This health video focuses on the new screening being used to detect earlier forms of ovarian Cancer.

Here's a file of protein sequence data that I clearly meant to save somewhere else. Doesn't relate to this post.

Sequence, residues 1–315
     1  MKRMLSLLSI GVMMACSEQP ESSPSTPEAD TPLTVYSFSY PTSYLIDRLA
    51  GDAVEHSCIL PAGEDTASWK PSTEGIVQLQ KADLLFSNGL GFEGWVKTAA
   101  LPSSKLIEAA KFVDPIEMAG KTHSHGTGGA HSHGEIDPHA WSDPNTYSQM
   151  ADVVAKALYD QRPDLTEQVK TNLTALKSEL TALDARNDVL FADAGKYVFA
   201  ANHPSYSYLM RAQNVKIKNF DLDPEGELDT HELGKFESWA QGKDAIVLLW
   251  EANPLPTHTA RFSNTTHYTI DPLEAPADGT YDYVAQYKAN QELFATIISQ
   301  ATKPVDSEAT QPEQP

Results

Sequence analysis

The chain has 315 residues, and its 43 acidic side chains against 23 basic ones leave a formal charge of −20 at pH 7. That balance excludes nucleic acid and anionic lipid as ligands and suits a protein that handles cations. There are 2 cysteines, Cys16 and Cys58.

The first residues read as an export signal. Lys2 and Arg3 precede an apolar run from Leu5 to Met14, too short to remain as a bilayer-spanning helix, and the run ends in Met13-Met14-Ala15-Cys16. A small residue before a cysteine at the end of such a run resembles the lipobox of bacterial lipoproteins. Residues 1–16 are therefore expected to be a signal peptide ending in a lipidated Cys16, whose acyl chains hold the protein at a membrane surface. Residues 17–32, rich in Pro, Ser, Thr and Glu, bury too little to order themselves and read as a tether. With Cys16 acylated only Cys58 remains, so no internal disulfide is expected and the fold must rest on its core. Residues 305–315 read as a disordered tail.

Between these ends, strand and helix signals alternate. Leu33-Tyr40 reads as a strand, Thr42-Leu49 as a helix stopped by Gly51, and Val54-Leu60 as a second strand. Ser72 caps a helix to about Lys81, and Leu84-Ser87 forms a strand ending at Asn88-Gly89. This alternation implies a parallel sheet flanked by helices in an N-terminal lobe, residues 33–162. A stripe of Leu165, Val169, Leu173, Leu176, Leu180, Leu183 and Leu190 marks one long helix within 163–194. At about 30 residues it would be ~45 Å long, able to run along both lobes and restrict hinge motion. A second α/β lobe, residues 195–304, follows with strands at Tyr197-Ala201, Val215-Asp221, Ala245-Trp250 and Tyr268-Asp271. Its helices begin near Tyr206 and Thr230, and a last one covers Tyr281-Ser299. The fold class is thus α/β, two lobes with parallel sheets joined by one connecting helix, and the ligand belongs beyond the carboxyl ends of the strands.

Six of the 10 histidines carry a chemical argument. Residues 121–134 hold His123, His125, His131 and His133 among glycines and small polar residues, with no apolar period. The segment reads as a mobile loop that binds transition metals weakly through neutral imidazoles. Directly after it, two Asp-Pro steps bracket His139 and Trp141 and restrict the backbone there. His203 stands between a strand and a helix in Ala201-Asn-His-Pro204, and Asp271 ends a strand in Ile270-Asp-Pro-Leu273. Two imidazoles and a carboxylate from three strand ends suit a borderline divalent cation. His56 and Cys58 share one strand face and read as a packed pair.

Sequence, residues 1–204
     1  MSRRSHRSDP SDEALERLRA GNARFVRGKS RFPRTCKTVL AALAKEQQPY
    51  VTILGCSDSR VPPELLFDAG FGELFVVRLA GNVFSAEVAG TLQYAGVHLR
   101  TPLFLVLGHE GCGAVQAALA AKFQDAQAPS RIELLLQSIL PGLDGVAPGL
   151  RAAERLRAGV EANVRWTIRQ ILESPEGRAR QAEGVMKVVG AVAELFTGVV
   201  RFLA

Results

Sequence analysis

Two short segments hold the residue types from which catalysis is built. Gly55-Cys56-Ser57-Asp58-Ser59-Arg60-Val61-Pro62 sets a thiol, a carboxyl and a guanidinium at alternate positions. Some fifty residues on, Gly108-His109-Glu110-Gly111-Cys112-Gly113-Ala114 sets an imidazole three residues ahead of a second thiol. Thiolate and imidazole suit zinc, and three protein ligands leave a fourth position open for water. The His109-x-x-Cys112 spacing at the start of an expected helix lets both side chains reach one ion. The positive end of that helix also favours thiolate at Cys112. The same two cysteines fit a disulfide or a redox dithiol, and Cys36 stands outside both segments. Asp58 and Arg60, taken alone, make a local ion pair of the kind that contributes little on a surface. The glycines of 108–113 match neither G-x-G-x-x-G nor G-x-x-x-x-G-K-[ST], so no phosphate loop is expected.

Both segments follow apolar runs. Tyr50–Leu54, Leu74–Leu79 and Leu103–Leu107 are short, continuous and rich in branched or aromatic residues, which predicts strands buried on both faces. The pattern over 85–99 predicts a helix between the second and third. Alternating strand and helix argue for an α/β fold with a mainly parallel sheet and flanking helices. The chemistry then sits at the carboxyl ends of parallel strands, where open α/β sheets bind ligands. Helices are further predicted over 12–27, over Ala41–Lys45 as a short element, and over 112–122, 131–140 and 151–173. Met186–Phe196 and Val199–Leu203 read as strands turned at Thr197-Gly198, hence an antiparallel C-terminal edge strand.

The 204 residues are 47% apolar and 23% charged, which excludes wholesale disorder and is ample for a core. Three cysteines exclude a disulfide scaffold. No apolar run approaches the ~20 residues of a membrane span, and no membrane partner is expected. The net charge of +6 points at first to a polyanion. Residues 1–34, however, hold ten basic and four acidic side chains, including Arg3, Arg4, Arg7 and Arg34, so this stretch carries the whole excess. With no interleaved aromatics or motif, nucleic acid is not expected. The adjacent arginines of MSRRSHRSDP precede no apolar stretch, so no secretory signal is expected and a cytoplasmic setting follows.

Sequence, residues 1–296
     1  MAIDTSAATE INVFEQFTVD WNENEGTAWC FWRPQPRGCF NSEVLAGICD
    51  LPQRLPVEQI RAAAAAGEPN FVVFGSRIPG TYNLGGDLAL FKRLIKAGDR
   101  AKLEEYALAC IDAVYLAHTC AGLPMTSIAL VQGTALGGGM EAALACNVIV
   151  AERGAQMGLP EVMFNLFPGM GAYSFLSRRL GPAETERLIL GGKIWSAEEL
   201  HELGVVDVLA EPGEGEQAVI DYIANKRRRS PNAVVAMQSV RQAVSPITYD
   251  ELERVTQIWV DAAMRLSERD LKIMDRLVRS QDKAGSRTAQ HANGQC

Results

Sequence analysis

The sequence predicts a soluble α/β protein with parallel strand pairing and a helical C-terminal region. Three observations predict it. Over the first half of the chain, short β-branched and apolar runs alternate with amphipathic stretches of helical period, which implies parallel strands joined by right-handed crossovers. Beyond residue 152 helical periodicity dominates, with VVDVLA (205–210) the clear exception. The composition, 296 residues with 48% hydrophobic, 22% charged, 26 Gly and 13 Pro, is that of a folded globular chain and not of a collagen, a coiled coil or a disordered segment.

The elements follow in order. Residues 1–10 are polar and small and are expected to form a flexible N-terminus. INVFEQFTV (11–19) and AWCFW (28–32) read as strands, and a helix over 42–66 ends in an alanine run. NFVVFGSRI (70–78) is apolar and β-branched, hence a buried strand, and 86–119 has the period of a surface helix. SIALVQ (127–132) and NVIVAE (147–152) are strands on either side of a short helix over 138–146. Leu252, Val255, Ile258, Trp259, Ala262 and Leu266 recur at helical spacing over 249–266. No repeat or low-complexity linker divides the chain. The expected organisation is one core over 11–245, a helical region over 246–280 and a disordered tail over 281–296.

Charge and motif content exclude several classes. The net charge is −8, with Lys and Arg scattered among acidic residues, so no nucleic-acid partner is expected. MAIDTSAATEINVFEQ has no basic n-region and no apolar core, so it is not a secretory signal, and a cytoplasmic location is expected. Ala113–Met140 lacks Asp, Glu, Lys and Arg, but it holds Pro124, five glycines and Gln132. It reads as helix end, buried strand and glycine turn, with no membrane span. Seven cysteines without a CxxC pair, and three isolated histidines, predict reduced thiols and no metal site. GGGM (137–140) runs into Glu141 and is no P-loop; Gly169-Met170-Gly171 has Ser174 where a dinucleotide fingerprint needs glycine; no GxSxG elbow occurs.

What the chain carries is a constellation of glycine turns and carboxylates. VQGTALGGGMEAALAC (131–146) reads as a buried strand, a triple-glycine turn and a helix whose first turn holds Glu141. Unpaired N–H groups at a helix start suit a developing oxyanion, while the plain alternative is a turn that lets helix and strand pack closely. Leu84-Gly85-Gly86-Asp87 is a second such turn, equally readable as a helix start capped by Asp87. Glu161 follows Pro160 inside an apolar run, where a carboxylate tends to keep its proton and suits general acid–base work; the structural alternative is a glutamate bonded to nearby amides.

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Jennifer Matthews: Diane Miller lives in fear ... a fear of cancer. Her father had colon cancer. Her sister died of lung cancer, and her twin sister had brain cancer. Diane Miller: There was just something bothering me. Jennifer Matthews: She had an exam and blood test called the CA-125 to check for ovarian cancer. It was negative. But she pushed her doctor to remove her ovaries because the test is only accurate about 60 percent of the time. After surgery, she got the news, she had ovarian cancer. Diane Miller: I'm one of the lucky ones because it was found real early, stage 1, almost unheard of. Jennifer Matthews: Diane prognosis is good because the cancer was caught before it spread. That's not the case for most women diagnosed with ovarian cancer. Patricia Kruk: Unfortunately, there are no reliable, accurate ways to detect all ovarian cancers. Jennifer Matthews: But researcher Patricia Kruk and her team may have found one. They looked at a protein in the urine called the BCL-2 and studied samples from women with and without ovarian cancer. Patricia Kruk: Regardless of the stage, the BCL-2 urinary levels were at least 10-times greater than women without ovarian cancer. Jennifer Matthews: And the results were more than 90 percent accurate. Patricia Kruk: It might become the standard for ovarian cancer, for example, like mammograms are for breast cancer or Pap tests are for cervical cancer. Diane Miller: If research can come up with something to determine this cancer early, women will have a chance. I have a chance, and I'm grateful. Jennifer Matthews: And she wants to give back, Diane journals her story in hopes to educate other women about this silent killer. This is Jennifer Matthews reporting.